Why You Should Watch ’13 Reasons Why’ With Your Teen
If you or someone you know feels the need to speak with a mental health professional, you can contact the National Suicide Prevention Lifeline at 1-800-273-8255.
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It’s the most tweeted about show of 2017 (Variety) — and while 13 Reasons Why receives critical acclaim, there’s plenty more than just 13 reasons you should be watching this show with your teens.
The recently released Netflix show tells the fictional story of a high-schooler Hannah Baker’s suicide through a series of cassette taped recordings she’s left behind. Produced by Selena Gomez, the series is based on the novel of the same name written by Jay Asher.
In addition to critical praise, there’s been some critical backlash against the show as well. The main plot line involves the series of tapes made by Hannah that name the 13 reasons why she commits suicide, and effectually puts the blame on others, including herself.
“The tendency to imagine you can kill yourself as a way to get back at people feels like an adolescent fantasy,” Dr. Victor Schwartz, medical director of the JED Foundation, told NBC News. “It underlies so much of the narrative arch of the story.”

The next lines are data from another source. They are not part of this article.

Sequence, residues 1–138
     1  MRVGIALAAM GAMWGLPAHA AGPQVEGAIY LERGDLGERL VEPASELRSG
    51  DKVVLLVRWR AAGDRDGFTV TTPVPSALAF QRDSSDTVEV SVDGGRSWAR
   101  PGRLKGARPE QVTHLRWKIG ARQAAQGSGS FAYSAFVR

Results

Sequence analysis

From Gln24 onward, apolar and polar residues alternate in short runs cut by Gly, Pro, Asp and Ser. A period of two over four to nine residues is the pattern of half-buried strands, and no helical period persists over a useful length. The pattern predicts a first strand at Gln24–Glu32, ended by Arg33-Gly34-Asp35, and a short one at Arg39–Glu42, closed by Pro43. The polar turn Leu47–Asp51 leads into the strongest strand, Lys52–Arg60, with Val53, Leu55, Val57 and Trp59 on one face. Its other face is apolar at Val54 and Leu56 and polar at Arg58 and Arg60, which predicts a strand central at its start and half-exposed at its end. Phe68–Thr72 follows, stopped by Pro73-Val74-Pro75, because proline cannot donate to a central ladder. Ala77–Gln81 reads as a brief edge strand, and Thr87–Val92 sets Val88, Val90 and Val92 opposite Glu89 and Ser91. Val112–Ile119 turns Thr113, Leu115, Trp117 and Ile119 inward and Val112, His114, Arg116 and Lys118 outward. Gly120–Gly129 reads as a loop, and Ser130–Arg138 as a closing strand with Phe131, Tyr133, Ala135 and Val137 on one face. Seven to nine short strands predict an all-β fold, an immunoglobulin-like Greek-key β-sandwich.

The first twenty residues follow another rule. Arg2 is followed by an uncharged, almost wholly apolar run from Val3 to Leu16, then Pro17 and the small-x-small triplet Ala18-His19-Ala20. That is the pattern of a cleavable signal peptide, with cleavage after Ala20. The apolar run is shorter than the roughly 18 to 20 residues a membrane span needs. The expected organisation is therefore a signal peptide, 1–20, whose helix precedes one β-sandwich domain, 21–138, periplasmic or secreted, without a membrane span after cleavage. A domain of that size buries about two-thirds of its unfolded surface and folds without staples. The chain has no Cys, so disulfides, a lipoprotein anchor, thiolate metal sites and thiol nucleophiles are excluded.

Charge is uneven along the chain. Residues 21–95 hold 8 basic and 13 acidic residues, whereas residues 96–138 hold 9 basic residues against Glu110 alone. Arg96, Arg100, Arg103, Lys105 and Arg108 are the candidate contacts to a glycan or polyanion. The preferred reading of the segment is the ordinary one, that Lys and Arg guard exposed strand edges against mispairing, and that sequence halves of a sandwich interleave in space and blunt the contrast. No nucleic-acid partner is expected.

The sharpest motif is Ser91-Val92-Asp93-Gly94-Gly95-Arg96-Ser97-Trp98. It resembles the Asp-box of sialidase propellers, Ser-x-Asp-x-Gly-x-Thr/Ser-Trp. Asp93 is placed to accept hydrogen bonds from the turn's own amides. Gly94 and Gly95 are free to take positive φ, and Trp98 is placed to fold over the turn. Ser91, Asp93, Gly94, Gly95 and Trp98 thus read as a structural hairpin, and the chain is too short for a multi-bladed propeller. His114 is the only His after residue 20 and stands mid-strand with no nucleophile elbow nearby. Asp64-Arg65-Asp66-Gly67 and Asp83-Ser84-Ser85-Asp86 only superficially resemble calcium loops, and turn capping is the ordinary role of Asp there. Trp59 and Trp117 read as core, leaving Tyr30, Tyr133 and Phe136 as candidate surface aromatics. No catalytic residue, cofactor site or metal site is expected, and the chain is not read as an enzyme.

There’s concern that it romanticizes suicide, but after a weekend binge-watch, I don’t agree. It is no more romantic and/or tragic than Romeo & Juliet, which is part of every 9th grader’s English/Lit curriculum. The casting is really well done (as a survivor of high school in the 90s, I loved seeing Wilson Cruz -of ‘My So-Called Life,’ in the role of the Baker family’s lawyer), the writing is honest and blunt, and the story moves fast.
However, your teen may have better literacy skills than you for 13 Reasons Why when it comes to navigating the nuances of modern teenage social dynamics — which play out in the series in the halls of Liberty High, at parties, at the local coffeeshop, and over the kids’ phones.
The content is mature, but not at all unrealistic. There’s strong language, violence, images of sexual assault, themes of bullying, stalking, sexual identity, parental denial, substance abuse, and a disengaged school administration that make up the content in 13 Reasons Why. One scene toward the end of the series, opens a door to a possible Season 2 storyline that indicates Liberty High will be the setting for a school shooting. As well, Hannah’s suicide scene is very, very graphic.
All of these themes might be the most difficult issues to raise with your child. If anything, 13 Reasons Why has proved itself to be a conversation-starter. So if you’ve seen it come up on your ‘recently watched’ queue on Netflix, you should watch it as well, and use the series as a way to talk to your teen about how far kindness can go, that real people in real life really care, and that suicide is a permanent solution to a temporary problem.